After a long seven years of construction, Berlin’s Staatsoper opera house will temporarily open its doors from September 30th to October 3rd. After which the Staatsoper will take a hiatus of roughly two months while technicians familiarize themselves with the new computer-operated stage equipment needed to bring the season into full swing.
According to the company’s general director Jurgen Flimm, there are a number of challenges posed by the move from Schiller Theater, where performances of the previous seven seasons were often sold-out, back to the Staatsoper Unter den Linden. This move was intended to take place four years ago before renovation costs shot up from 239 million Euros to 400 million, roughly half of which being covered by federal funding. An underground tunnel, connecting the stage to the rehearsal center, played a role in the Staatsoper’s slow reopening.
The renovations to the opera house include raising the ceiling by approximately 15 feet, and lining the space above the highest balcony with an acoustically transparent net to improve distribution of sound. The number of seats has been reduced from 1400 to 1360, which create a more immersive experience according to the new general director Matthias Schulz.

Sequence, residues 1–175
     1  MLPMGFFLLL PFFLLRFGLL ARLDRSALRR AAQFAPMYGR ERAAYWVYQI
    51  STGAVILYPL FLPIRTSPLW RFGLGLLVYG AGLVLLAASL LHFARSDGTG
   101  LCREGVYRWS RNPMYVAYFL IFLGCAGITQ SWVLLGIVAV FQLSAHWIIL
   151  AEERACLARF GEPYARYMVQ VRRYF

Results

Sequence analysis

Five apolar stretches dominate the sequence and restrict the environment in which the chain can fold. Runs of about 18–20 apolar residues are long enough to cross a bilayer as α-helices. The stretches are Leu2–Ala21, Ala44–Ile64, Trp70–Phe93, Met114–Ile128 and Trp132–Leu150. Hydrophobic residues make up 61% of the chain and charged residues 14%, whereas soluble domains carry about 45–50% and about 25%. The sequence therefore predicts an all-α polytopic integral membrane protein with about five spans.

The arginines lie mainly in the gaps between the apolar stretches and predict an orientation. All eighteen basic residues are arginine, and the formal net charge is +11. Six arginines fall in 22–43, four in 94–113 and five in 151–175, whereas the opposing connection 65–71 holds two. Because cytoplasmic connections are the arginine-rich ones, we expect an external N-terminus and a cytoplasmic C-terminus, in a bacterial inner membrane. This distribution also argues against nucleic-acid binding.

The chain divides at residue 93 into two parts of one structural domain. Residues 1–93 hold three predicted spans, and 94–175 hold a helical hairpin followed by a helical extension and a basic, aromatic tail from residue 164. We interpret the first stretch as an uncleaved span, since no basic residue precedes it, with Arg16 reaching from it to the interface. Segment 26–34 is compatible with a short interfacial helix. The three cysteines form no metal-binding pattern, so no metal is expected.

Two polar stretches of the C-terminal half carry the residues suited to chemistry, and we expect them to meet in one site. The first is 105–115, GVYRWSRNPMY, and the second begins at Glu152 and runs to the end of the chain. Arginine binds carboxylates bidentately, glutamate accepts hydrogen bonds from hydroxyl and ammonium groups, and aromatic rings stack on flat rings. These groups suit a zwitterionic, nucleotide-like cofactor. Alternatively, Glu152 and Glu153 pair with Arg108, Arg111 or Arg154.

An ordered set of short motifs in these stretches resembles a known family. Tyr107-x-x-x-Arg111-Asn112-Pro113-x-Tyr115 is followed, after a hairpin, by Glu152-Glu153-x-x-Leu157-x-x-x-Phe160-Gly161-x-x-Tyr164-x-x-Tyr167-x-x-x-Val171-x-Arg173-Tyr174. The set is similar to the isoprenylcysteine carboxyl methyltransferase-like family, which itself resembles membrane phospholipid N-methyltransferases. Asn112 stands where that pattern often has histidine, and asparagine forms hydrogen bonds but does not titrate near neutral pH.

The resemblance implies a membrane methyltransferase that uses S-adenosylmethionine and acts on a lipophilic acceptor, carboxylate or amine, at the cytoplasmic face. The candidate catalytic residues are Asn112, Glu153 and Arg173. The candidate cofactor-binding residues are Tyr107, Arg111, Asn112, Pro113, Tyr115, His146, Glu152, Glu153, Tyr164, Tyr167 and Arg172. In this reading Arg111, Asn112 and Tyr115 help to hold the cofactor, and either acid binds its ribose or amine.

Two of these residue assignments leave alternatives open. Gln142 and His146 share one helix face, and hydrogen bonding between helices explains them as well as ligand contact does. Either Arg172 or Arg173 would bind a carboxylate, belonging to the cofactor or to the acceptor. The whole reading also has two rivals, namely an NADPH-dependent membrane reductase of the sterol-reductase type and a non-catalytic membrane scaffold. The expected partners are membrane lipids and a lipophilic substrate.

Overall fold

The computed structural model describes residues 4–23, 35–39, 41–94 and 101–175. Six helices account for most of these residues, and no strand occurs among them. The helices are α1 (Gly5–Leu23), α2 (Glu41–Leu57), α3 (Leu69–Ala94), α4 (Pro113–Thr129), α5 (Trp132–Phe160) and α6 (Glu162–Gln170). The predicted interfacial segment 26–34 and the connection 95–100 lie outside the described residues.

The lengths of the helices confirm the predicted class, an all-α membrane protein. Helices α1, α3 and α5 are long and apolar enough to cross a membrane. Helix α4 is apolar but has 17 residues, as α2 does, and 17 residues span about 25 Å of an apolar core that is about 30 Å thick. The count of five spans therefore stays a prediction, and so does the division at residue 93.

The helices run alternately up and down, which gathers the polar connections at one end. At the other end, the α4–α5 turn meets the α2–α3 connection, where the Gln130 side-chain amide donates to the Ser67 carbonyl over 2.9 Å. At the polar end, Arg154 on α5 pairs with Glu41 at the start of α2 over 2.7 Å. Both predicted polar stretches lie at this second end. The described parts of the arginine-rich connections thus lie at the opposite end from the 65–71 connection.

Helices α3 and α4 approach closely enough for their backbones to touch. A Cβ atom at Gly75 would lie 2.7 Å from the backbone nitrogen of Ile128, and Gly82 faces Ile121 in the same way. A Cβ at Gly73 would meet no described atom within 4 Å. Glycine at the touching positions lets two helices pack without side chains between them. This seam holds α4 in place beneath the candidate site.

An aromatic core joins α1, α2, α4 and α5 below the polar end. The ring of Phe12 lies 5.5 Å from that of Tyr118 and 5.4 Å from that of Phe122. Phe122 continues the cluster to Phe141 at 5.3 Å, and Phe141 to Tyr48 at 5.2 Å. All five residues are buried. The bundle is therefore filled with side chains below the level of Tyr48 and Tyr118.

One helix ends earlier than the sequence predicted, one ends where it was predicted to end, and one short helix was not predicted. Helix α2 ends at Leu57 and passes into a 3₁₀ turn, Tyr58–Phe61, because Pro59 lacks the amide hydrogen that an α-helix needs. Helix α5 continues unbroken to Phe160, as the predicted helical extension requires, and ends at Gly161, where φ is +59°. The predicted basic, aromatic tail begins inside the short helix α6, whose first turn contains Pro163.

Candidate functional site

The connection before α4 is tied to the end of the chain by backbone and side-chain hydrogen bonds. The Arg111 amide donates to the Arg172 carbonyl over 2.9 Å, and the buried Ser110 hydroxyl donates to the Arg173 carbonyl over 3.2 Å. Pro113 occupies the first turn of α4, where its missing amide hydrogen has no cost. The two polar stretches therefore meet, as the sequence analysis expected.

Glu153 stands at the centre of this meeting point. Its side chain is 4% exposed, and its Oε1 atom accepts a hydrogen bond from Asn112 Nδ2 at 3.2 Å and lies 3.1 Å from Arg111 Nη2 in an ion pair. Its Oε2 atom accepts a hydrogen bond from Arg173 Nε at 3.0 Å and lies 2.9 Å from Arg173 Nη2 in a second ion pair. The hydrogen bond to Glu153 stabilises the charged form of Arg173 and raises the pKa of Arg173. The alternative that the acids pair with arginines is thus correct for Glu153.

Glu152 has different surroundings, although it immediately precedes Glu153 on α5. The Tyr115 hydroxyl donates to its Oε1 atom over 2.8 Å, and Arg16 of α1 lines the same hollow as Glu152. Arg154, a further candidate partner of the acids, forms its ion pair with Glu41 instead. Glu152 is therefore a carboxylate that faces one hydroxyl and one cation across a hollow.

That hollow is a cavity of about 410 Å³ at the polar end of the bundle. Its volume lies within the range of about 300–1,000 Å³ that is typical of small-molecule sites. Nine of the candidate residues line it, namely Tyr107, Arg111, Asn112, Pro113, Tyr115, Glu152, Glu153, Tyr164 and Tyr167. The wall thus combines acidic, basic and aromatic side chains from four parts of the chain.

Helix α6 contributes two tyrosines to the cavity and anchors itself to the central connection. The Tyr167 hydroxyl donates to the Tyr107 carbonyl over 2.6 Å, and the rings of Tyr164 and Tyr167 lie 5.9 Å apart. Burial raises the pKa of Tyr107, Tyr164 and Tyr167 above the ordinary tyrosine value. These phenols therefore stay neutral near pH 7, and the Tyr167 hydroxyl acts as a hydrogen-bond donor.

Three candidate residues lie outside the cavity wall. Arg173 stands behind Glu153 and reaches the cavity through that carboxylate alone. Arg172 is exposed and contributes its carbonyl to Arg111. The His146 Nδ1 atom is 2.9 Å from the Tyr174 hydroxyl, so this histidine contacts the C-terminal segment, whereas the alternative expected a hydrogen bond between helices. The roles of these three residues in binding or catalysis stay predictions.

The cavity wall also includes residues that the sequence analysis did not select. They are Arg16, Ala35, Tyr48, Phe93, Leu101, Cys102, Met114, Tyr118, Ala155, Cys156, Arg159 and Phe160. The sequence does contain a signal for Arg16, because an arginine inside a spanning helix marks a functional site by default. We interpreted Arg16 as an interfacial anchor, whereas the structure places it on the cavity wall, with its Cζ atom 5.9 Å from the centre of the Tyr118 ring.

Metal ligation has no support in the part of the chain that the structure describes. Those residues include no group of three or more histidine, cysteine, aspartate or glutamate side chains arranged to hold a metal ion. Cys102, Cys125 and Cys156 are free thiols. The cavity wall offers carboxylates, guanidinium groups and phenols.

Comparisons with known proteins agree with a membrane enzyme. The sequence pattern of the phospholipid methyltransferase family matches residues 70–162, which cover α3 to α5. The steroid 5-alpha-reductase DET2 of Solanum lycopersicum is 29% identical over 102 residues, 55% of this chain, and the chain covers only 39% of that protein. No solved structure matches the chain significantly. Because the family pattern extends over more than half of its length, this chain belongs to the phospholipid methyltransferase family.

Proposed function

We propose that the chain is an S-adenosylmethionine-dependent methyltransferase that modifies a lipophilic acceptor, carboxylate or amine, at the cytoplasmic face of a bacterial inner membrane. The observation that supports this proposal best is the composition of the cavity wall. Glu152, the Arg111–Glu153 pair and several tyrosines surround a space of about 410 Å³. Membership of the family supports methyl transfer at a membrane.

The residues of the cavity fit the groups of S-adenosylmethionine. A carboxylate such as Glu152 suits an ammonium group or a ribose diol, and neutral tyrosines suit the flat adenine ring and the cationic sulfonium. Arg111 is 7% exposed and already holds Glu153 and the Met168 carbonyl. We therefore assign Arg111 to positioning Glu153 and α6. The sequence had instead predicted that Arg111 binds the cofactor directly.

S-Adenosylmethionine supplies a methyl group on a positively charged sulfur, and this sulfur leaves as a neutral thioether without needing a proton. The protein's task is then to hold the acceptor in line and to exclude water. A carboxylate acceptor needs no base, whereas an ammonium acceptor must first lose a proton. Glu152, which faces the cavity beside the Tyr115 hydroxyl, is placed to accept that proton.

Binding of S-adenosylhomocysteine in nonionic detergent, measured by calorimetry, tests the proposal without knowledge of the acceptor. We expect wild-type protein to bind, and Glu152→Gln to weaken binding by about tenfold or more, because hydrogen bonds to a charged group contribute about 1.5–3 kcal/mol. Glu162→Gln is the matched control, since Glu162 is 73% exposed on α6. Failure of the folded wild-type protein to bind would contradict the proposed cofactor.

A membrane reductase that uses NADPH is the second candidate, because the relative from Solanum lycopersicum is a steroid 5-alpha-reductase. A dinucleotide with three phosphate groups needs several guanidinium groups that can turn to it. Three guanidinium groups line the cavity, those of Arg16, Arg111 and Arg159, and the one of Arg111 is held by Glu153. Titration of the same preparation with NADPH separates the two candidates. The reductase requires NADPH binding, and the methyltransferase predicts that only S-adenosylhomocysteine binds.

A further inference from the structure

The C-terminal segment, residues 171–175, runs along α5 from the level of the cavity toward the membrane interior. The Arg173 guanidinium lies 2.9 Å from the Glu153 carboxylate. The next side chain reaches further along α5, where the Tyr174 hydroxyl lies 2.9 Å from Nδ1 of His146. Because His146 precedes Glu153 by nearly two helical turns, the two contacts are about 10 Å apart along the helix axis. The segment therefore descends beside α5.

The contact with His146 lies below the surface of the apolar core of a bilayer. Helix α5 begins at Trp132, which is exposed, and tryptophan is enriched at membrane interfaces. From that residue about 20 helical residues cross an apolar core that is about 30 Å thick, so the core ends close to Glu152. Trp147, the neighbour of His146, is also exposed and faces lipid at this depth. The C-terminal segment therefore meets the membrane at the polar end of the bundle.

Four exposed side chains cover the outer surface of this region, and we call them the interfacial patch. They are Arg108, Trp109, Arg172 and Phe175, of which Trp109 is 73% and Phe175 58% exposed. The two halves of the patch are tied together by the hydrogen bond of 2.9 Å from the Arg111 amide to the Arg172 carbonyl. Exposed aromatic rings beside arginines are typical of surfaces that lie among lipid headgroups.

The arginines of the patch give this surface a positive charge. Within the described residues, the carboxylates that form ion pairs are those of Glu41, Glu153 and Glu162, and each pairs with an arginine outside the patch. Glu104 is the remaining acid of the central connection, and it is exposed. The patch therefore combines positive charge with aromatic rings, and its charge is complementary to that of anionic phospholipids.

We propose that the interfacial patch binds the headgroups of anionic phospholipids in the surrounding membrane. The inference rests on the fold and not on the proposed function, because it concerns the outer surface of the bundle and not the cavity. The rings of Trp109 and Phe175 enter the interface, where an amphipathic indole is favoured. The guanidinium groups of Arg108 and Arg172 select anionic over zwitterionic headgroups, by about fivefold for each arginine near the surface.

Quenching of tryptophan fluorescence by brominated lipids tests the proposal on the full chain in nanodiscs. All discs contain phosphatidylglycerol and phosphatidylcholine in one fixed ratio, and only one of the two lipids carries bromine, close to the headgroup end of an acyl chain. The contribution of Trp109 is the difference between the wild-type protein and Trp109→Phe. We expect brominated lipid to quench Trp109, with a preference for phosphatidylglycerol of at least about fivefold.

Schulz, who came to the position in April, believes that Staatsoper will “adjust the city’s point of gravity,” becoming part of Berlin’s cultural district along with Humboldt Forum, which opens in 2019, Humboldt University, and the Museum Island. Schulz also hopes to bring greater awareness to the opera house’s historical roots, having been finished in 1742 before it was destroyed three times, two of which during World War II.
Looking to the future, Schulz plans on establishing a children’s orchestra, one which will involve all of Berlin’s public schools, to nurture the creative potential of the city’s youth.
The season begins Sept. 30, featuring seven full-scale productions and sixteen concerts with the Staatskapelle Berlin orchestra. While the road to reopening has been arduous, it has been well worth the hardship. Music director Daniel Barenboim says the company will “spare no effort in producing the highest quality possible.”